Bailey named new Tigard High Principal
A former Sherwood High School associate principal has been named Tigard High School's new principal.
Brian Bailey began his position at the school on July 1, taking over from Andy Van Fleet who was named Fowler Middle School principal.
"Brian's administrative experience at various levels within an education system makes him a perfect choice for THS," said Superintendent Sue Rieke-Smith. "He has a long history of building and stewarding strong, positive relationships and leveraging them to improve student outcomes. We are excited to bring his value-based, data-driven leadership style to THS."
Bailey has spent almost 20 years in education, having served eight years in the Sherwood School District. In addition to serving at Sherwood High, Bailey was principal at Laurel Ridge Middle School and most recently served as director of curriculum, instruction and accountability for the district.
Before that, Bailey was an assistant principal at South Salem High School and was dean of students/assistant athletic director there as well. He previously taught at West Linn High School.
"There is only one job that could get me to consider leaving my current district and the Tigard High School principal position is that job," said Bailey. "THS is steeped in tradition, with a long history of success academically, athletically, and in the arts. I am honored to have this opportunity and look forward to working in the community I call home."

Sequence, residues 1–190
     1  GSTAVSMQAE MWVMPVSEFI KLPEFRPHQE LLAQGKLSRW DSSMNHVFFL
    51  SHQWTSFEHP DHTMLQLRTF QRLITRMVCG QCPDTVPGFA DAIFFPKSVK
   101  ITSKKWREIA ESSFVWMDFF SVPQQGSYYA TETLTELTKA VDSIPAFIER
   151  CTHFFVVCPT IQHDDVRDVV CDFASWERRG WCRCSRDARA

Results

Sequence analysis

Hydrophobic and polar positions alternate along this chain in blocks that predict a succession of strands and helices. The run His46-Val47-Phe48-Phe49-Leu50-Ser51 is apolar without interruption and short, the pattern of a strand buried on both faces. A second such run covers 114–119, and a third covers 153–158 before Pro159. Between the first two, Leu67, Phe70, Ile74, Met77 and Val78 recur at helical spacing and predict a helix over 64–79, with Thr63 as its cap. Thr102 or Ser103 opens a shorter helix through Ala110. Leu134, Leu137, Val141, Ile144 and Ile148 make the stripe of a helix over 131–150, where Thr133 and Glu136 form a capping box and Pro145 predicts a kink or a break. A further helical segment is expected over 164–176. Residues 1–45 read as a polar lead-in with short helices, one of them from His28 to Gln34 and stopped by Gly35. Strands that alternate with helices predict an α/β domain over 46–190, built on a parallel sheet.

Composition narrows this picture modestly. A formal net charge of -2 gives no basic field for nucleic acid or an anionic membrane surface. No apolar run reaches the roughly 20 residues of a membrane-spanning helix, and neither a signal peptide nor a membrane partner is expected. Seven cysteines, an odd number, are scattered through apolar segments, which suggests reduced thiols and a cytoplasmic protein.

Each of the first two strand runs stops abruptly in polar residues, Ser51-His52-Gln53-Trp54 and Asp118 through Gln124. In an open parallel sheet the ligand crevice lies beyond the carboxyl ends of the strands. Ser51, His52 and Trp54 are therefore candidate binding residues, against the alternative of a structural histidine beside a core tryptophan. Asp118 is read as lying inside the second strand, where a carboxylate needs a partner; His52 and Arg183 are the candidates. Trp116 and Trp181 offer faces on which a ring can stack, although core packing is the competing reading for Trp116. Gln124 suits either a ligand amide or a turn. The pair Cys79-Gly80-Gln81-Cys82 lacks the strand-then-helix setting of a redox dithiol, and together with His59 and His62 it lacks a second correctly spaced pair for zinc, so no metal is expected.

Bailey holds bachelor's degrees in both health Education and athletic training from Linfield College in McMinnville; a master's degree in education degree in administration from Concordia University and has a continuing administrative licensure from Lewis & Clark College.
Meanwhile, his wife just celebrated her 20-year anniversary as a teacher and literacy specialist for the Tigard-Tualatin School District. The couple have two children attending the district.
Bailey joins THS' administrative team that includes three associate principals – Angelita Miller, Tyler Davila and Lisa Dailey.
(It costs just a few cents a day.)